Most drivers don’t want vehicle data logging

Research by has revealed 75 per cent of drivers don’t want data-logging systems in their cars, especially if they could affect things like insurance premiums.

The research follows an investigation into car companies’ use of behaviour data which revealed they share anonymised behavioural data about its customers, like where they go and their driving style, with third party data companies.

Ten per cent of people polled knew their car had a data agreement in place, and of them, 19 per cent of those people confessed to reading it. In addition, 86 per cent of people would not be happy for their car to share driving habit data with third-party companies.

“What we’re calling for is to make it easier for drivers to opt out of data agreements, and for it to be more obvious in the first place that your car is collecting this information, and why,” said Parkers.

“The type of data collected depends on what car you have, and how old the car is. If you can operate functions on your car (like the locks or the heating) via an app on your phone, or the car has an inbuilt sat-nav, it can most likely collect data on you,” the company added.

Common data collection from cars include:

Location information – like where you’ve been

Driver behaviour data – such as how hard you brake

Personal information – for instance, when you purchased your car

Marketing information – for example, when your PCP agreement is due to end

Mark Aryaeenia, CEO of vehicle data company, Verex, told Parkers that car companies are thinking far ahead into the future. “For instance, an autonomous car has a captive audience. Imagine the e-commerce opportunities it has,” said Aryaeenia.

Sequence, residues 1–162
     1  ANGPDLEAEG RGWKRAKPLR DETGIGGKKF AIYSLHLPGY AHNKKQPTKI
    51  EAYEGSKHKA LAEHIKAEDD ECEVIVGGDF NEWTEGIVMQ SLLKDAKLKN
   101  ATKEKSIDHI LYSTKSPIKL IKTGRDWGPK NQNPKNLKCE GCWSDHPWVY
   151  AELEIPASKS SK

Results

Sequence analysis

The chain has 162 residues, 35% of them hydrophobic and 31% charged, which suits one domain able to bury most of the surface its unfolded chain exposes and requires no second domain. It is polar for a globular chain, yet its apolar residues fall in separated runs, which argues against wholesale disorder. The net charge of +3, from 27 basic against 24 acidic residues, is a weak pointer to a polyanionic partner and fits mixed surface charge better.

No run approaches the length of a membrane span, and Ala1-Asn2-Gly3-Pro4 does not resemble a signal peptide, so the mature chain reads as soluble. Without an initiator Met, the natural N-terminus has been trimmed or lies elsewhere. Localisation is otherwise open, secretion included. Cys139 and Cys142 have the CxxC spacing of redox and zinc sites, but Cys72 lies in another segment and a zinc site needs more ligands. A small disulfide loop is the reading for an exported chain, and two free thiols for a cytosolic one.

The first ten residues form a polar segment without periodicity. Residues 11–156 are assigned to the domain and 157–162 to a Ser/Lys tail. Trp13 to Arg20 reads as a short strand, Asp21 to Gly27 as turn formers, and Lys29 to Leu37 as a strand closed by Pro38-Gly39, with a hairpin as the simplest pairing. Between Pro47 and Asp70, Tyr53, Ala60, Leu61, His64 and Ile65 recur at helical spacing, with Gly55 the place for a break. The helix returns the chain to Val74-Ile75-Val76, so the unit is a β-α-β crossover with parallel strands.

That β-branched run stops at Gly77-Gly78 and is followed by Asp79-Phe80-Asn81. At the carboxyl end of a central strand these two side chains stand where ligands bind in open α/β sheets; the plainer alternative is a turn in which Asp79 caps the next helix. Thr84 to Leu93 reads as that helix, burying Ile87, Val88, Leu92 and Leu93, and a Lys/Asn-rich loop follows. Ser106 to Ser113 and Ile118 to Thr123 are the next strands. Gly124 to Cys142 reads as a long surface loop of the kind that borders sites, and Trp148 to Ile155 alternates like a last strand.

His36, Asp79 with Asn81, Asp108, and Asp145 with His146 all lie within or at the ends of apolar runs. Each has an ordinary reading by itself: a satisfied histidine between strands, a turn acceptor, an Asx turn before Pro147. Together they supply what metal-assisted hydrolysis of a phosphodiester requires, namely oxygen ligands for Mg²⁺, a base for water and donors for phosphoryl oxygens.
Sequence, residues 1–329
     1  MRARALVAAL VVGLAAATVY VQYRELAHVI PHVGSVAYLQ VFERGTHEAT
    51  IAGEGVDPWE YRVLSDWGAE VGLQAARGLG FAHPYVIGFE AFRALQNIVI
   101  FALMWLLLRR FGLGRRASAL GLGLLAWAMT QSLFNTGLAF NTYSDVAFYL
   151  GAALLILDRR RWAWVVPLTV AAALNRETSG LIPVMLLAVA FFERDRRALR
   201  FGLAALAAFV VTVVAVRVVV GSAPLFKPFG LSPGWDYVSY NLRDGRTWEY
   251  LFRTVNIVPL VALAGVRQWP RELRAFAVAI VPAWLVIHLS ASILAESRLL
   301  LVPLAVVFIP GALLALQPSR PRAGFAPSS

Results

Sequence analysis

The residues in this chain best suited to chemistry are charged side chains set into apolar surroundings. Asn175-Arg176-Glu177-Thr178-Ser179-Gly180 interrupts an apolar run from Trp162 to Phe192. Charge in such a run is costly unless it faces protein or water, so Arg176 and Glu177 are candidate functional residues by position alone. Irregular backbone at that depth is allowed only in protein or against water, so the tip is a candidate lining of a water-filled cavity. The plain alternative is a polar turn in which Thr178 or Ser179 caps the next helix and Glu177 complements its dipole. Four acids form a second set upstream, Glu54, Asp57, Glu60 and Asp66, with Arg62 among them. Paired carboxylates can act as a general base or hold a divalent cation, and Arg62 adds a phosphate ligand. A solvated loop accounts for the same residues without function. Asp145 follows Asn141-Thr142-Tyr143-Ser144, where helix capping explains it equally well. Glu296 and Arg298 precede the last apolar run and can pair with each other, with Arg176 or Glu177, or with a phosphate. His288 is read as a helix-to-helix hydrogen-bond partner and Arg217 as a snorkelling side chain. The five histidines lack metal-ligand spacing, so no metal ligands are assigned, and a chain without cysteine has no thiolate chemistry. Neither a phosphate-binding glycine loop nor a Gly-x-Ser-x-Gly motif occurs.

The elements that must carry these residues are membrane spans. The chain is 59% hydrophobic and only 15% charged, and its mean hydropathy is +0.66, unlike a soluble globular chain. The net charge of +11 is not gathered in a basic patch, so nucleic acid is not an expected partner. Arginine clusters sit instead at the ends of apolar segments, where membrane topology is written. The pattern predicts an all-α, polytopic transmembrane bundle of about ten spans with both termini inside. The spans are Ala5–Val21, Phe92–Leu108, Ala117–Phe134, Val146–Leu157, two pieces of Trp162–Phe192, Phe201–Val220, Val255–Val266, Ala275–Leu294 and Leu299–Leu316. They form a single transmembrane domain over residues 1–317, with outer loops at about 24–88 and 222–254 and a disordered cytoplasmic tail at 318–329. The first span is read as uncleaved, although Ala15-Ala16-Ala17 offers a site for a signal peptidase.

Parkers said a high percentage of people don’t want their data being collected, but a low number of people understand what data is being collected. “The research from Parkers shows that regular car buyers don’t like the idea of car manufacturers profiteering from their untapped behavioural data, and that they don’t like being kept tabs on.

“It also shows that car manufacturers can share data because people agree to their data being shared, but 81 per cent of people haven’t read the user agreements they sign up to,” said Parkers.

“It’s true that we’re agreeing to all manner of terms and conditions daily – I shudder to think what Google knows about me – but it comes as a surprise to see so few drivers are aware of what their cars knows about them,” added editor, Keith Adams. “It suggests that carmakers need to make their data gathering more transparent, their agreements easier to read for the 75 per cent of drivers who currently don’t want it.”

While there’s undoubtedly a benefit to the driver in having all this data gathered, Adams said the fact that so few people are aware of this is concerning. “It’s a worry that only 19 per cent of owners who know about their car’s data agreement have read them. We think it’s time that carmakers made these messages simpler and more prominent and made opting out of this data capture process a simple click or press of a button.”

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